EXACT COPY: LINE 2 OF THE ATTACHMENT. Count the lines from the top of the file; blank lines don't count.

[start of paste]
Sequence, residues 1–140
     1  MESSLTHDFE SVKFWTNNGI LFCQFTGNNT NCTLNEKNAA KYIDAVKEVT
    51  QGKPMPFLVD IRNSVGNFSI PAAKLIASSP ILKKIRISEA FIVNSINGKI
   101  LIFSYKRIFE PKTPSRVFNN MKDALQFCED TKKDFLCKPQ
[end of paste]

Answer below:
     1  MESSLTHDFE SVKFWTNNGI LFCQFTGNNT NCTLNEKNAA KYIDAVKEVT